Friday, 24 June 2011
The Galapagos Islands--In Darwin's Footsteps
Darwin only spent 35 days sailing around the Galapagos Islands, but in that brief period he made observations and gathered data that would lead to his monumental publication decades later. If Darwin and the HMS Beagle had not visited this now most famous of archipelagos in 1835, these volcanic islands probably would not have the world's attention as they do today.
Most of the almost 200,000 annual visitors arrange in advance for very expensive cruises around the islands. The only way to visit the islands is by boat and the Ecuadorian government requires--rightfully so, considering the environment's extreme fragility--that all tourists be accompanied by a Galapagos National Park guide.
My friend, Dave McCargo, and I, traveling on the usual shoestring budget, arranged nothing in advance and flew from Quito to the islands with nothing organized--neither a place to stay nor a pre-booked wildlife viewing boat cruise. Upon arrival we made our way to the town of Puerto Ayora at the southern end of Santa Cruz Island and through word of mouth located a hostel for $8 per day. That became our home base for the next 36 days. Using local bus transportation we were able to easily reach a tortoise sanctuary up island adjacent to some ranchland where we could hike extensively and photograph the giant tortoises without supervision (while picking and eating passion fruits along the trail).
This was very idyllic, but we still needed to find a boat to take us to the other islands to visit the many endemic species. This proved to not be a problem. Some boats didn't fill their quotas so the captains sent crew members to wander around Puerto Ayora in search of customers. They practically beat down the door to our hostel with offers for island cruises at bargain basement prices. After a week on Santa Cruz we signed up and did the tourist thing for the next seven days, visiting some of the very locations where Darwin had landed. We encountered the entire cast of characters--marine and land iguanas, frigatebirds, boobies of various varieties, sea lions, penguins, finches we couldn't identify, flamingos, flightess cormorants, a vermilion flycatcher, and sea turtles.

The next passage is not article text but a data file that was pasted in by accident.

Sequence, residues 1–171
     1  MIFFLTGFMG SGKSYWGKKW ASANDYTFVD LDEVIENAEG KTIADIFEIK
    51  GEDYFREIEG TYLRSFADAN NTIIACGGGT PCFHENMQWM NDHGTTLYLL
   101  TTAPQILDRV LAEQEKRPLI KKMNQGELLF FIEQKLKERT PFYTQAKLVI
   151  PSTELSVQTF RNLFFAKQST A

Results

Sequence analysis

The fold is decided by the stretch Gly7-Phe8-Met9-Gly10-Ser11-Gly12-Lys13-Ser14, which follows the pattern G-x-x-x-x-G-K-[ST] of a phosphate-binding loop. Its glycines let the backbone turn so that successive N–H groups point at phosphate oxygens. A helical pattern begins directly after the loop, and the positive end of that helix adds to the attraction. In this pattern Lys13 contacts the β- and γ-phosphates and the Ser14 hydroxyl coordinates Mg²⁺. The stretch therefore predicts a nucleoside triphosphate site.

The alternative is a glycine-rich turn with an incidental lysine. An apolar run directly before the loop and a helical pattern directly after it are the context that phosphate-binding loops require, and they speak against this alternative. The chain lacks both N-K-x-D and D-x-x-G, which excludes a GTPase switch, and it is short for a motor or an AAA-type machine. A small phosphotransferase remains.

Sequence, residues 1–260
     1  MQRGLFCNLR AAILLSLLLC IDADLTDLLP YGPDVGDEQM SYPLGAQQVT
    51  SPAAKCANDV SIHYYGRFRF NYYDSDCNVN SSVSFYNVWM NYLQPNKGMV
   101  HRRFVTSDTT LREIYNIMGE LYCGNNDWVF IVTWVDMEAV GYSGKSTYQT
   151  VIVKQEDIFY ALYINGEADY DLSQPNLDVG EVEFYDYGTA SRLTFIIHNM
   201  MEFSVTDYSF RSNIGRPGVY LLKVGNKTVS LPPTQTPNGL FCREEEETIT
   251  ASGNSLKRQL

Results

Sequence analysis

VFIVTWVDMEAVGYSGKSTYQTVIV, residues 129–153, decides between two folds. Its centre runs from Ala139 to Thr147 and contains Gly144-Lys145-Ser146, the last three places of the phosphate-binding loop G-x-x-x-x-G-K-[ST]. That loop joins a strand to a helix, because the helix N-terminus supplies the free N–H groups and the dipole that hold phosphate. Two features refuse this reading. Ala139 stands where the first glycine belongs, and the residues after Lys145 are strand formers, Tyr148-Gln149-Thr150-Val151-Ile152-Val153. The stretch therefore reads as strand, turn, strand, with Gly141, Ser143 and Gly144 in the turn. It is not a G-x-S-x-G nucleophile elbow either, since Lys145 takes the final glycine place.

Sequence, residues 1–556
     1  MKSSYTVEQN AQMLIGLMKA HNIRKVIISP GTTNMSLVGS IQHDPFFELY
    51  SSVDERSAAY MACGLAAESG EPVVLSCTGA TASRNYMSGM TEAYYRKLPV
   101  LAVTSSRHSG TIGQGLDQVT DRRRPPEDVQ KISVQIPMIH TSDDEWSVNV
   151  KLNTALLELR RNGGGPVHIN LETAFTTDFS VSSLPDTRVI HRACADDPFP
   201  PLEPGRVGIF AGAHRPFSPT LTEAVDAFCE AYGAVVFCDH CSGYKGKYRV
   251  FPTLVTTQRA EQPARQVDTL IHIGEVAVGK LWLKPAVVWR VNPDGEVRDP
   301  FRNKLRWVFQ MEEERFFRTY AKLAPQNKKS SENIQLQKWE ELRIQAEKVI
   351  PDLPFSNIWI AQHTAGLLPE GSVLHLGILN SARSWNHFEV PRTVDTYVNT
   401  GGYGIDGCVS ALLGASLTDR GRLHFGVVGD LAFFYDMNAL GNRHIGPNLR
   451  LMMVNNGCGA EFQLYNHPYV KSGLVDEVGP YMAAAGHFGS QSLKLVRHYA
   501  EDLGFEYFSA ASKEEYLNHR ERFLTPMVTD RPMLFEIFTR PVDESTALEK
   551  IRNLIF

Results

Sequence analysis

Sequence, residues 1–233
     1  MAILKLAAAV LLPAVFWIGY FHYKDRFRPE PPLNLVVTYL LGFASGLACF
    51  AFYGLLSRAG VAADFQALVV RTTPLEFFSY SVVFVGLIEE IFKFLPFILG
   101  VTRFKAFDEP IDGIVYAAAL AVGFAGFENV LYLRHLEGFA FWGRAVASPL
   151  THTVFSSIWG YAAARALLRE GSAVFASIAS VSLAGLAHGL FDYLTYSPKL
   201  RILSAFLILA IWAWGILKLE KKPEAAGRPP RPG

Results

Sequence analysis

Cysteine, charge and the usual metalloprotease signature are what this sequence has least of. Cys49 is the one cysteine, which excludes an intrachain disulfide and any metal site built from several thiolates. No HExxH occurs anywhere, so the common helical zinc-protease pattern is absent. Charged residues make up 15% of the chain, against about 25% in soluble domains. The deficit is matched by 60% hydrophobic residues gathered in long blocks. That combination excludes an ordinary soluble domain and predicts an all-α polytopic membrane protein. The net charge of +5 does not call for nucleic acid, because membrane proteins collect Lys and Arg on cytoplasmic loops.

We spent the two weeks after the cruise backpacking on Isabela Island, hiking to the rim of Sierra Negra volcano, the second largest caldera in the world after Ngorongoro, and even climbing down to it's enormous floor. We encountered a pair of Galapagos hawks on the rim where we set up our tents.
After some additional adventuring in the islands, some of it by kayak, we felt ready to return to the mainland. By that time we were approaching the same length of time that Darwin had stayed in the Galapagos so we thought what the hell and stayed a 36th day before boarding the jet back to Quito.
Within the next year I will be publishing a book about my travels in the Galapagos and contrasting my experiences with those of Darwin in 1835.